Thus, if you are seeking more accountability, identify the types of ongoing behaviour that embody that value. You might have to be specific: “I expect you to read, record, and respond to every customer complaint — and I will reward or penalize you accordingly.”
These new behaviours can be startlingly simple. Years ago, Shell Oil Company (a subsidiary of Royal Dutch/Shell PLC) had a reliability problem in the global refinery system. It was traced back to the safety and quality control processes, which were designed at the central office but not followed consistently at the refineries. Instead of launching a broad accountability initiative, a peer group of managers convinced the executive leaders to institute one new behaviour. Before initiating any new process, central office managers had to ask local people how they could best introduce it. That simple behaviour change, conducted by just a handful of corporate executives, ensured consistent implementation of the new process.
Repeated behaviours have cultural impact because they are contagious. People unconsciously imitate what they see others do. This is particularly true among respected colleagues; mutual respect is a powerful source of influence. Even small changes in behaviour, if they are picked up by more than one individual, can ripple through an organization as others see their value and begin to act accordingly.
In moving people to change behaviours, you will need to rely on both rational arguments and emotional appeal. On the rational side, you need to make a case for change: Here’s why this particular behaviour is needed. Help people recognize, for example, how the new behaviours will support the firm’s business strategy, will improve customer retention rates, or will be received by Wall Street analysts.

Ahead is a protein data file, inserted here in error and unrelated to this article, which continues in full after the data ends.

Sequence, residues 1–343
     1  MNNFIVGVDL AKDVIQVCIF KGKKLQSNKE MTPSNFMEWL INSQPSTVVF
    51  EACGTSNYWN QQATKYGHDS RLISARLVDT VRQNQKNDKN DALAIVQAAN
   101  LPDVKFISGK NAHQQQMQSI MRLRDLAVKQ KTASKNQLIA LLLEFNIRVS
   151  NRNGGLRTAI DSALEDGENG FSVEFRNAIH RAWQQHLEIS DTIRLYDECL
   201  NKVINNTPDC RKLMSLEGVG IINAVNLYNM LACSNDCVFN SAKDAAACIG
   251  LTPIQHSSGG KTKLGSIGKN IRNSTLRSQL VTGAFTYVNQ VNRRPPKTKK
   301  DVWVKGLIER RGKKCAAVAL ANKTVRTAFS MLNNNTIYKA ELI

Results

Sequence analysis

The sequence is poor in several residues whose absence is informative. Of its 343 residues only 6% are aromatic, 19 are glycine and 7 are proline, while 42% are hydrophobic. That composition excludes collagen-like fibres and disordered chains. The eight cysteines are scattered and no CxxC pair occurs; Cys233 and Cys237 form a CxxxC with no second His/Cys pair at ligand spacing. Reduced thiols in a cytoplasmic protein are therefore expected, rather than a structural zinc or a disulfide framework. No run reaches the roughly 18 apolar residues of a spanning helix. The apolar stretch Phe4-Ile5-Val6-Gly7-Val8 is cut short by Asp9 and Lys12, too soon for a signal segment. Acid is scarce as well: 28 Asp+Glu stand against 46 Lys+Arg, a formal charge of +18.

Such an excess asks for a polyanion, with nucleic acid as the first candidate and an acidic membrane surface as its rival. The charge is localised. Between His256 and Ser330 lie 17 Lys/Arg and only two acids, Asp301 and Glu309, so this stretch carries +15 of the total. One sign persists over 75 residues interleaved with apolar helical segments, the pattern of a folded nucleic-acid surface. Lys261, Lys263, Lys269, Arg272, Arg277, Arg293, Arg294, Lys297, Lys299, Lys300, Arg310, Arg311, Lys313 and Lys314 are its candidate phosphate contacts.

But emotional factors will undoubtedly matter even more. Compassion, fairness, and environmental responsibility are very convincing motivators. So are relief from anxiety and the opportunity to work more congenially with other people. Many employees will likely be concerned about how the changes will affect their peers, their own ability to take pride in their work, their work–life balance, and their family’s and community’s reactions, as well as the firm’s reputation. These issues must be addressed at a gut level, to ensure that acceptance of the change will be genuine, enthusiastic, and widespread.
Understanding without acceptance and commitment will not suffice. Nor will acceptance and commitment suffice without discipline, alignment, and the right capabilities. The rational and emotional elements need to align to yield sustainable change.
Numerous principles for changing culture through behaviour have become evident through ongoing practice.
• Start pragmatically. Don’t try to change everything at once. Focus on a few critical behaviours that resonate with your current culture, but that will raise your organization’s performance. Explicitly identify the target group — the employees whose behaviour needs to change — and bring the necessary changes to life by demonstrating them.